On Dover Beach

Albus McInerney edits a literary magazine.

In 1928, the Japanese-American artist and poet Lilian May Miller produced a wonderfully gloomy image of Rain Blossoms, kimono-clad figures sprouting umbrellas in a sudden squall. The figures are shown crossing a classical wooden bridge beneath willow trees, and the rain falls, in the Edo woodblock tradition, as a series of diagonal black lines. It’s an image mirrored in the haiku:

A spring squall surprises

In an instant, flowers bloom

Each its own colour

The painting and the poem celebrate a moment glimpsed – a point that was very succinctly made by Patrice during our latest Zoom conference. He had proposed that we use both on the cover of our next issue, which will be devoted to the spirit of place.

‘You are reading too much into the lines,’ Marianne said. ‘It’s in the nature of the form to eschew a broader philosophical meaning.’

‘Surely, it’s not about eschewing philosophy,’ Dimitri said. ‘It’s about offering the reader a blank page – to choose how much or how little they wish to read into the poem!’

Dimitri would have made the opposite point, I think, if he’d thought it would rile Marianne – this inclination to tease reflects an increasingly harmonious (I shudder to use the word ‘amorous’) relationship between two formerly more pointedly adversarial colleagues.

I like Rain Blossoms but for the sheer wonder of atmospheric gloom on a rainy afternoon I prefer Fudo Ritsuzan’s Squall. Painted in 1930, it is one of the glories of the Museum of Modern Art in Tokyo. The rain is miasmic rather than linear; in the distance there’s nothing but light, and the sodden serried rooftops have a dull grandeur that is quintessentially Japanese. Unfortunately, there’s just one umbrella in Ritsuzan’s melancholy masterpiece, so the poem’s riot of sudden blossoms is rendered somewhat nugatory.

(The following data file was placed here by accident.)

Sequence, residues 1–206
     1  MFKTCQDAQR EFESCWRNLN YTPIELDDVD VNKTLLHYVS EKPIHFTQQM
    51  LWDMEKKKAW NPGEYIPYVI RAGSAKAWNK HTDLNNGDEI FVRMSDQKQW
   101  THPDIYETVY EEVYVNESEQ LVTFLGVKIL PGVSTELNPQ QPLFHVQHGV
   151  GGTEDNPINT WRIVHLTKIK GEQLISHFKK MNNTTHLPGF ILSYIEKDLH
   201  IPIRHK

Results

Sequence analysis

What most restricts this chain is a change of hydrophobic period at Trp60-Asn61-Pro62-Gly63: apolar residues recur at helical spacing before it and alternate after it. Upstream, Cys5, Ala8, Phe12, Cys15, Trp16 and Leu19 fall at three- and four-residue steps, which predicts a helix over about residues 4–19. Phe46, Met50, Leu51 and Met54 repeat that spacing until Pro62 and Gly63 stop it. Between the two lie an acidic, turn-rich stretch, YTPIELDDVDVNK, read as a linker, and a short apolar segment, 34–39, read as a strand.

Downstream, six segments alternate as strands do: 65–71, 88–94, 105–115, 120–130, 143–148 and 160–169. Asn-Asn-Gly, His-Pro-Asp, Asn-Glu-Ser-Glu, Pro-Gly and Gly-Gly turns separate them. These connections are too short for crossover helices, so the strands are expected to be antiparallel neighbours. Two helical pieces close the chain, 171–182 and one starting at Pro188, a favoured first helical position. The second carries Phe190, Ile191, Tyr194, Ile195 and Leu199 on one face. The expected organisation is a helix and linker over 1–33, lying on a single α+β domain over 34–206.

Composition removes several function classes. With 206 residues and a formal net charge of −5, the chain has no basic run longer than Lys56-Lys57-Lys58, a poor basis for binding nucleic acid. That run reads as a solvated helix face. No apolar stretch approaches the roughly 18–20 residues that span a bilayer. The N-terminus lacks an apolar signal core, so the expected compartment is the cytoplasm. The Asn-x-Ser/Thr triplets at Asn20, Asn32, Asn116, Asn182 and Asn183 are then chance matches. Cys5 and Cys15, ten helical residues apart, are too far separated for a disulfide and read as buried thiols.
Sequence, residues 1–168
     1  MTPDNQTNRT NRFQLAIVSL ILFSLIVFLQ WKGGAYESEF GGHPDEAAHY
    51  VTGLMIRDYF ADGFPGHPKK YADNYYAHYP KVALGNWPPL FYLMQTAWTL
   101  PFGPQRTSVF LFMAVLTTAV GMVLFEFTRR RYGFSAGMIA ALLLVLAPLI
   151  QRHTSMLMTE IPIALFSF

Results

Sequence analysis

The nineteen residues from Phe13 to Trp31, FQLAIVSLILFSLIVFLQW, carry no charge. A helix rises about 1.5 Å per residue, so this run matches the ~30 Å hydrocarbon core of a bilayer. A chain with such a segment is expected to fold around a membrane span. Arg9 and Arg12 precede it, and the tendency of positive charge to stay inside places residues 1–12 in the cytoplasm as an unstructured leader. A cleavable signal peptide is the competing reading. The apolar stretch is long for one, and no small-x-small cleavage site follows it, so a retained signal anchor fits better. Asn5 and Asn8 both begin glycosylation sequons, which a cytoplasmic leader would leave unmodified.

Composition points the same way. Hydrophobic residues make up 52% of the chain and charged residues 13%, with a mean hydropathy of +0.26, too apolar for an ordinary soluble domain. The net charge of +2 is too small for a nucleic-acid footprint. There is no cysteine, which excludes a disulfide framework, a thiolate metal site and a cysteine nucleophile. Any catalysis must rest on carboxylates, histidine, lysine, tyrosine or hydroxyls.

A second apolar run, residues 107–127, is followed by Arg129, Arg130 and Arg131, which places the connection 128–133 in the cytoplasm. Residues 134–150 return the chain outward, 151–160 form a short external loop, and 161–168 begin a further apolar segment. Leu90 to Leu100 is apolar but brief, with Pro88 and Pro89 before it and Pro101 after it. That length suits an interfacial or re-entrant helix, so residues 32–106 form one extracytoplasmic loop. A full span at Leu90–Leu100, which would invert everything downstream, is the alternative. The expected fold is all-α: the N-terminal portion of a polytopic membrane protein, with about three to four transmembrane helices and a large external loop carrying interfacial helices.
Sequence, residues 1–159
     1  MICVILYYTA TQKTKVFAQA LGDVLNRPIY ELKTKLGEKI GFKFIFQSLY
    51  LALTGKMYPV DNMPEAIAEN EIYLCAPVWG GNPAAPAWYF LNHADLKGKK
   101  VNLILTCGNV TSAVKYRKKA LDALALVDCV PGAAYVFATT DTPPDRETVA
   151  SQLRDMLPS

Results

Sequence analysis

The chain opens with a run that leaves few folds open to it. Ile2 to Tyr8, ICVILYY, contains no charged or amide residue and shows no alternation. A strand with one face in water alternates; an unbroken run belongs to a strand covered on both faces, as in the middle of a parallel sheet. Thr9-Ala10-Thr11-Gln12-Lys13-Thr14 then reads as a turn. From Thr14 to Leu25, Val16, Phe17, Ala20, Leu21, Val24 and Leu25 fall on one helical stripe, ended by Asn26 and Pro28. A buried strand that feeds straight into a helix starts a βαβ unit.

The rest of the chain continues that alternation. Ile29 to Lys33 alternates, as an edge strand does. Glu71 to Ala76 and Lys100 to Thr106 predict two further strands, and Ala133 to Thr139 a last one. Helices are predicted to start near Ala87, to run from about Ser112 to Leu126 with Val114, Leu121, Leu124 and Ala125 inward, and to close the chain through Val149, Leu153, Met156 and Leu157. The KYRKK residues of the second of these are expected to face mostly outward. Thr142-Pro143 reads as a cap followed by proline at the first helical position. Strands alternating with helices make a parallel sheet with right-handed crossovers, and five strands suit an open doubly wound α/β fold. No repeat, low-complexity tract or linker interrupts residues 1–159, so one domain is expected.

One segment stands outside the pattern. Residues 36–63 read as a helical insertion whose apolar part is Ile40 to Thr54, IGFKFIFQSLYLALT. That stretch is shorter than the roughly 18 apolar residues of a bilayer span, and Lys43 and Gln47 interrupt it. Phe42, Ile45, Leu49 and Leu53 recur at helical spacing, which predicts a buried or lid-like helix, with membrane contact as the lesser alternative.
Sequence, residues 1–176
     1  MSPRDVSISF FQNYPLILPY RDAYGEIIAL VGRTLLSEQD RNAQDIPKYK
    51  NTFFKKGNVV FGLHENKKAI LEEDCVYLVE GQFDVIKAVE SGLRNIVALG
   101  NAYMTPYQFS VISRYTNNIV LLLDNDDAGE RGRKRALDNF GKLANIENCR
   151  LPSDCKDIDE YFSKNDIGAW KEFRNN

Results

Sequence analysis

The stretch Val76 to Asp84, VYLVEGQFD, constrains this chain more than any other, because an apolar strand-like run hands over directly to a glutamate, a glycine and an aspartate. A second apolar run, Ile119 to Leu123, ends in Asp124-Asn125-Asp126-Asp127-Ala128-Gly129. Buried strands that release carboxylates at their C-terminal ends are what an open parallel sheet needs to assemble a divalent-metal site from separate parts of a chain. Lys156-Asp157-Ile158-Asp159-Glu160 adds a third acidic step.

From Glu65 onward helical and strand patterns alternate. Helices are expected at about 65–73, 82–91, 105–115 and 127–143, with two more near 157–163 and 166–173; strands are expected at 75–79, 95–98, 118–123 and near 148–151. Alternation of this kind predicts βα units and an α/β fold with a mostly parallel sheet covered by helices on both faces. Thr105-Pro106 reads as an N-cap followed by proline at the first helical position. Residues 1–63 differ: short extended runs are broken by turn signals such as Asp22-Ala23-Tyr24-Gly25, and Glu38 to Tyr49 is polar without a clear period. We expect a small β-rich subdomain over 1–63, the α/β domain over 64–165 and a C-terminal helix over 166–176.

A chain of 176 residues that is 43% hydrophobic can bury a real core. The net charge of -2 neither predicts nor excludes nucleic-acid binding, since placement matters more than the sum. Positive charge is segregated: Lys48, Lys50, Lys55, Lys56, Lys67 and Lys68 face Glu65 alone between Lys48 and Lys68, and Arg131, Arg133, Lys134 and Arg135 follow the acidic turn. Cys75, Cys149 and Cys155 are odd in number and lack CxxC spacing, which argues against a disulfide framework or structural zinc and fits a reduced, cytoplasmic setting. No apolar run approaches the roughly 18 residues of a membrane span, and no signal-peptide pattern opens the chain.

Exploring the spirit of place is our response to the present global unpleasantness. We thought a meditation on geographical diversity, on interesting corners of the world, might offer some respite from the sameness of staying indoors.

‘There are different haiku traditions,’ Kim said. ‘In one tradition, Marianne’s point would be valid. In another, Dimitri would tend to be closer to the accepted convention.’ Then she added, ‘but that’s as much as I know: Japanese literature isn’t my field.’

Marianne agreed, rather vehemently. ‘I know what you mean! If I had a Euro for every time someone assumed I knew all about Rimbaud, I’d be . . . better off than I am.’

‘It’s the same for us in the Balkans,’ Dimitri said. ‘People imagine our literary tastes are defined by our place of birth!’

‘Well, surely they’re defined to some extent by where we choose to live?’ I said. (I live in Madrid and my field of literary investigation is Iberian.)

‘No, no!’ Kim said. ‘That’s precisely the trap we should avoid falling into! The essence of the poetic sensibility is universal. It’s not about where you’re born or where you live. It’s about – as Patrice put it – the moment glimpsed.  The poet sees with a distinctive eye: the spirit of place is not about portraits but about self-portraits.’

‘Like Matthew Arnold on his honeymoon?’ I said, aspiring perhaps to emulate Dimitri’s easy-going and entertaining aptitude for contrary eccentricity. I felt the spirit of place was becoming rather more contentious than anticipated – though this is not necessarily a bad thing.

‘That was a terrible choice for a wedding night,’ Dimitri said. ‘I’ve been to Dover!’

‘The poem’s not about the ferry terminal,’ Kim said, ‘It’s about the beach.’

‘Well, actually, it’s about the end of belief and the frightening prospect of humanity abandoned to the elements,’ I said, ‘illustrating rather neatly, I think, your observation about the subjective rather than the objective view.’

‘Which brings us back to the haiku!’ Patrice said. ‘We are not entirely vulnerable: we have umbrellas!’

‘. . . we are here as on a darkling plain,’

Marianne said. Marianne has an encyclopaedic memory for gloomy lines.

Swept with confused alarms of struggle and flight,

Where ignorant armies clash by night.

‘Can’t help feeling you’d want more than an umbrella,’ Kim said.

‘Or indeed a slightly lighter mood for seaside bliss,’ Dimitri added.

‘Two poems!’ Patrice said. ‘Two responses! Two places! It proves my point!’

And I think it does.